Will Packer Says Studio Originally Wanted Girls Trip To Feature 2 Blacks, A Latina And A White Woman
Before Girls Trip was released, Will Packer took part in a panel with director Malcolm D. Lee and star Regina Hall to speak on how the film celebrates Black women. During that conversation, he shared that, sadly, it took some convincing to get the studio behind the film to let it shoot with its predominately Black cast, particularly the leads. In fact, he said they were pushing for a more…er…diverse group of friends to check out the Essence Fest together in the story.
“The conversations was, ‘Can we do like two black women, and a white woman and a Latina?’ We had a lot of those,” he said according to Deadline. “You don’t see crews of two black women and two white woment [sic] hanging at Essence; if we’re going to make this, we’re going to make this right. We’re going to be true to what this really is. There’s no other way we would’ve made it.”
Months after that conversation, the film went on to quickly gross $100 million following its July 21 release. The Black female cast that Packer vouched for helped the project soar past expectations. In a new interview with Vulture, Packer recalled that conversation with the studio, why he pushed so hard for Queen Latifah, Jada Pinkett Smith, Regina Hall and Tiffany Hash and how it paid off big time.
“What’s interesting is that, just in general as you talk about creating movies, the conversation inevitably goes back to, ‘Who is the audience for the movie and is that audience big enough to support the budget of the film?'” he said. “Universal was extremely supportive of this idea for a movie. Especially Donna Langley, the chairwoman. She was somebody who got it, right away.”
“There were conversations, once you get into the specifics of development, around if there’s a ‘broader version’ of the film,” he continued. “This type of film starring these women had not been done before to this level of success, not as a comedy. But knowing this audience, I know the value of this audience, and I pushed them really hard with the studio. ‘We can do this, and we can do this with these actors, because that’s the most authentic version of the movie.’ And, ultimately, they agreed.”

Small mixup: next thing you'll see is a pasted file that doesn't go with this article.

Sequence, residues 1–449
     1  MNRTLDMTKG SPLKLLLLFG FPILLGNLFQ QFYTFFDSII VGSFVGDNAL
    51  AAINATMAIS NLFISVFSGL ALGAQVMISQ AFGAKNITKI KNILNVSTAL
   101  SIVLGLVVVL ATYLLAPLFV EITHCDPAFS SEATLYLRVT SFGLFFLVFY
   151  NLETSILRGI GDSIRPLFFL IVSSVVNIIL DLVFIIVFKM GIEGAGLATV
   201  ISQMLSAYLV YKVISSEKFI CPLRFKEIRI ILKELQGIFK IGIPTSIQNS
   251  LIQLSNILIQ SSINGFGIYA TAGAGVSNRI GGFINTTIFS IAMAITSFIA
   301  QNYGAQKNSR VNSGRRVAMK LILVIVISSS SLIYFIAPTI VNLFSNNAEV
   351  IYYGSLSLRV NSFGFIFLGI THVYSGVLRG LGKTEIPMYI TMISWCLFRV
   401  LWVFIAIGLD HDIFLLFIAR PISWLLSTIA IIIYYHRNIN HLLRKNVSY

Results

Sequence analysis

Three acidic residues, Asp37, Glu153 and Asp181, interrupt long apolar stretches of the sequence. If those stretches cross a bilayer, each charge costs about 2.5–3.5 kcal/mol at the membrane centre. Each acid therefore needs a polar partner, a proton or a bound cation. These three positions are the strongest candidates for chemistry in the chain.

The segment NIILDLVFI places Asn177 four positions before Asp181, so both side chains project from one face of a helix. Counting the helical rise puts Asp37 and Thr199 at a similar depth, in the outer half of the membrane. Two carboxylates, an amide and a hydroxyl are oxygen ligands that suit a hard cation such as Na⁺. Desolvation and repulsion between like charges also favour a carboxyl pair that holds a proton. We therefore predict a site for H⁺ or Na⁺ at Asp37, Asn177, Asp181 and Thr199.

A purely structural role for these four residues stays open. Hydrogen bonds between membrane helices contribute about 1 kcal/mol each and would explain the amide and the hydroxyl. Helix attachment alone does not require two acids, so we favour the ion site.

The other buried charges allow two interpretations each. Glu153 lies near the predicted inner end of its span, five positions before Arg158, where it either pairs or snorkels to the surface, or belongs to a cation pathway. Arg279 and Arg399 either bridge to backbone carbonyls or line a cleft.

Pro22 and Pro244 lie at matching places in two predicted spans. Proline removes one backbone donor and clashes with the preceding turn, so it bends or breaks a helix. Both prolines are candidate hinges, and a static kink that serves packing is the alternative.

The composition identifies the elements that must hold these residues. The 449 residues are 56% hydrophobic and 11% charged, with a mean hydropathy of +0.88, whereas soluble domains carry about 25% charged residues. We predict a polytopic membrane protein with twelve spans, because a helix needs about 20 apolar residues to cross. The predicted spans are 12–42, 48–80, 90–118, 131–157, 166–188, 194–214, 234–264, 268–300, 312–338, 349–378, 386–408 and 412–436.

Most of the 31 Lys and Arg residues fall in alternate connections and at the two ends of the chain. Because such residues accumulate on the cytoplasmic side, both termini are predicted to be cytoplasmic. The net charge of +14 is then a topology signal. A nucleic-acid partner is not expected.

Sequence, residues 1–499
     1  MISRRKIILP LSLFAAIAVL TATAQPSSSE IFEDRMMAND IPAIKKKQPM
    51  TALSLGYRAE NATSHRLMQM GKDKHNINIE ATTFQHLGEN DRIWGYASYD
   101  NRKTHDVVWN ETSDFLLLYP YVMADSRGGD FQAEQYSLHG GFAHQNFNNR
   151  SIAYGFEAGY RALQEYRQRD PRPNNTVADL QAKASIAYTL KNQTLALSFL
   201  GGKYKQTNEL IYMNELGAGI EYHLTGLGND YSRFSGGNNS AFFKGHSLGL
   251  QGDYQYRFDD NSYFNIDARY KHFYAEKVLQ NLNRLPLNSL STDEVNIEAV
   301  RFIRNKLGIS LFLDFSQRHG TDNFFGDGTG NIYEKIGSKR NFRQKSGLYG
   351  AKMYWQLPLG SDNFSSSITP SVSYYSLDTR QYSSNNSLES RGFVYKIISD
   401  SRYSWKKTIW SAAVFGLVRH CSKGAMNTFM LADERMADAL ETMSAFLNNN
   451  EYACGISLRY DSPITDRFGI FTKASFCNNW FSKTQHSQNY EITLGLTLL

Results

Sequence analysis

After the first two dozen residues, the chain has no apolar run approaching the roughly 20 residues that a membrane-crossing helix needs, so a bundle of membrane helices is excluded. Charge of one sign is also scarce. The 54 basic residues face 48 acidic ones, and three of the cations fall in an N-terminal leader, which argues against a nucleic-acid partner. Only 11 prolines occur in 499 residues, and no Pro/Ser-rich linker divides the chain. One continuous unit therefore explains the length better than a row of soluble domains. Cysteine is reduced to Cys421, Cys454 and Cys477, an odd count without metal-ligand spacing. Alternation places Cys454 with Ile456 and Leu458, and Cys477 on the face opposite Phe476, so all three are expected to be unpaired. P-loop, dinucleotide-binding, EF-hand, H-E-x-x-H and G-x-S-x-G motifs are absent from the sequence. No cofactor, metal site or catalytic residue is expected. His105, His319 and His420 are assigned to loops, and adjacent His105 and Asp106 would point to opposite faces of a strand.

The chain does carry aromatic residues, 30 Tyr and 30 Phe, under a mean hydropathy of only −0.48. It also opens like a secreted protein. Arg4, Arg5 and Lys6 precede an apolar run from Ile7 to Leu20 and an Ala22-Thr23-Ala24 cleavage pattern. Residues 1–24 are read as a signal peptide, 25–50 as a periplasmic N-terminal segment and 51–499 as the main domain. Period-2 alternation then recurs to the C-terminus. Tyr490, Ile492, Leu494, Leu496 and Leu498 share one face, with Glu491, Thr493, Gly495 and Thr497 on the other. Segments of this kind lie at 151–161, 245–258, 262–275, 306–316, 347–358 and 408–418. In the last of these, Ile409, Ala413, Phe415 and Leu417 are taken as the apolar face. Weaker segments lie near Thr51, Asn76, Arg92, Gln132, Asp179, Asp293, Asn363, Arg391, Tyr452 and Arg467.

Packer doesn’t fault the studio, though. He said their concerns were valid considering the fact that a film like Girls Trip hadn’t been done before for the big screen and at the budget it required.
“With any film, you’re going to have all kinds of thoughts and notes and opinions that come in,” he said. “When you’re doing something that has not been done 20 times before to great success, there’s going to be a level of risk that you’re taking, and a leap of faith from the studio side. Studios are in a tough position: They have to fund these movies, fund the marketing. To do that, you’re putting yourself in a risk position, and you’re doing everything you can to mitigate that risk while still taking a chance. It makes the film industry very interesting. It’s a creative industry undergirded by economic imperatives that we all have to operate under. It’s tough sometimes to balance it, but that’s my job as a producer.”
So with all that being said, does that mean we can expect a sequel to the hit film sooner than later? According to Packer, it’s something they are all conversing about presently.
“We’re definitely talking about it,” Packer said. “The only thing harder than opening a studio comedy today is opening a studio comedy sequel. [Laughs.] That’s the next challenge. I love our team. If anybody can do it, we can do it. It’s still a little early — the movie is still in theaters — but it’s something we’ve all thought about.”
If the sequel is anywhere near as funny as the original, Packer and company can expect another $100 million-dollar moneymaker at the box office.